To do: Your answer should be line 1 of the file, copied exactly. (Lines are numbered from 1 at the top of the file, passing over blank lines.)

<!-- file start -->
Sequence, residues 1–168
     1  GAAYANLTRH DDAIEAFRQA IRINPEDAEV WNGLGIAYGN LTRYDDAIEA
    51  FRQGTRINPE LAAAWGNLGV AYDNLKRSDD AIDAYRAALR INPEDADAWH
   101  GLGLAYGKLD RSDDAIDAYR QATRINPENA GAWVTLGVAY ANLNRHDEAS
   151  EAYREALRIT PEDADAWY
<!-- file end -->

Sequence, residues 1–168